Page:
So while you’re “very conscious of the content on your station on a moment-by-moment basis”, you always keep in mind that “there’s another dimension and that’s the brand”. Of course everyone wants to focus on content that creates great short-term ratings and positive long-term branding (and avoid the opposite). Kurtzman righteously adds that the day-to-day job of most radio programmers is figuring out what to do in between. A common dilemma: some things might undermine your station’s ratings performance in the moment, but are great for building your brand over a longer period of time.
“Understand the relationship between
the moment-by-moment impact and the brand impact”
DO take strategic programming decisions
The minute-by-minute PPM data for a morning show revealed that a part of the audience tuned out whenever a certain feature started. “The non-strategic reaction to that is: let’s get rid of that feature. But it requires a little bit more investigation.” It was found that almost the entire core audience – P1 listeners, for which this station is their ‘Preference 1’ – kept listening to the feature. In other words: the audience loss was almost entirely concentrated among the second group, consisting of P2 listeners who had another ‘P1 station’ than this one.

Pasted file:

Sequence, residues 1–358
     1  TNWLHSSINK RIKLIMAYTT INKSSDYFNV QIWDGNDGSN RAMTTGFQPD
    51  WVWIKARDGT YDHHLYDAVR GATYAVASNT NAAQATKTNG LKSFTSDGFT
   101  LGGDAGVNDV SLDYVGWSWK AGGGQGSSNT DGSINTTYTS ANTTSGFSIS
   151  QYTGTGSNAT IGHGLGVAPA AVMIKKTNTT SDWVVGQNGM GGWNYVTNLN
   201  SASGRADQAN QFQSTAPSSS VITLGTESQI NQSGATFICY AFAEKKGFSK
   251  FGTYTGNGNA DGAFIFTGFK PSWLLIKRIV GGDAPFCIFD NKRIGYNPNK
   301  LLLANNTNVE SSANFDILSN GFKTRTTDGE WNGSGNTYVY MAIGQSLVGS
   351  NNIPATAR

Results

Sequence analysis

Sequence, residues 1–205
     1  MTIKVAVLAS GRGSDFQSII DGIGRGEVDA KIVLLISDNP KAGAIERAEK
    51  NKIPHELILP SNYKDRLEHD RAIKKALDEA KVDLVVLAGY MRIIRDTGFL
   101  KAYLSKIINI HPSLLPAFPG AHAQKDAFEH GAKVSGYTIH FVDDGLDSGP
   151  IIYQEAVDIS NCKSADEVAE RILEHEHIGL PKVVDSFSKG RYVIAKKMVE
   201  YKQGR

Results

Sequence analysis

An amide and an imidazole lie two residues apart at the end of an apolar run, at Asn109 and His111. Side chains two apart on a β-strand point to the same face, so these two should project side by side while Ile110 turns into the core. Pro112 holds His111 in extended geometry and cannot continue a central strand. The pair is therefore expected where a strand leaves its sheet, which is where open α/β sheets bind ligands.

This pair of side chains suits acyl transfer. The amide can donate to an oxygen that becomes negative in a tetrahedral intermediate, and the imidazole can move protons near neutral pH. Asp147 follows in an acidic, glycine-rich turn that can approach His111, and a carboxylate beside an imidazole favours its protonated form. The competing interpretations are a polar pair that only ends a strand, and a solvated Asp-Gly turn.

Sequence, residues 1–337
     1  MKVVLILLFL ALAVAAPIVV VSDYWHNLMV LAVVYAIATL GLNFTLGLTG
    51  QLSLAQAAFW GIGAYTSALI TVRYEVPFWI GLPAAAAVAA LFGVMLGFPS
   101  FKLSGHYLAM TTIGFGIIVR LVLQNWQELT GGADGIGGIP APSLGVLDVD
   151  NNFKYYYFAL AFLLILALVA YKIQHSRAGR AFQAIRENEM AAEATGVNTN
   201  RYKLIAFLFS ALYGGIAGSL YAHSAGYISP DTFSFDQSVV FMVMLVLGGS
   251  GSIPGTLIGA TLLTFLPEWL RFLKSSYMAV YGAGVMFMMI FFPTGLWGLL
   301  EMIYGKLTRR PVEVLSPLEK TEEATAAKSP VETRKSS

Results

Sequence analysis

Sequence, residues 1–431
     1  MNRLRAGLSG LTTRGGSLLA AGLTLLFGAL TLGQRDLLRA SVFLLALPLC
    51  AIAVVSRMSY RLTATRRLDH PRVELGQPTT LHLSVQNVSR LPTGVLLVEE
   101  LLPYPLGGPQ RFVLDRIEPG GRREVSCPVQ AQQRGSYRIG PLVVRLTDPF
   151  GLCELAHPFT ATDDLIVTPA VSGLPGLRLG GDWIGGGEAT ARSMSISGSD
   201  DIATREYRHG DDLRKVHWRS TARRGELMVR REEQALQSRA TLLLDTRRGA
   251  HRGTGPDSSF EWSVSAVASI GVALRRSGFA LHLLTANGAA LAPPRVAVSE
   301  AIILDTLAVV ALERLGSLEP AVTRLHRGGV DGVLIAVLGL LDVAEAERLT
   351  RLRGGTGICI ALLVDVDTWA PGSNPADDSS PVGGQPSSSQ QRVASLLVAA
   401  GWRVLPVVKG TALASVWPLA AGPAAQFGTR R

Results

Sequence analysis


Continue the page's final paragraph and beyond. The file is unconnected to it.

DO build P1 listener community
Additional research showed that this feature was actually very popular among listeners, and that if the feature was well known it would actually help grow the station’s brand and audience. “What will happen over time is that the dip will stay there, but the overall audience level will continue to rise“, Kurtzman knows from experience. “Understand the relationship between the moment-by-moment impact and the brand impact of what you do.”
- Radio Listeners Behave Like Pavlov’s Dogs
- Program Director: Brand Manager & Talent Coach
- How To Program Radio Commercial Breaks Strategically
- Dennis Clark: “Jingles Are Part Of The Radio Brand”
- PPM: Radio Programming For Heavy Listeners
- Listener Expectations Influence Ratings
- Radio Promotions: The Naked Truth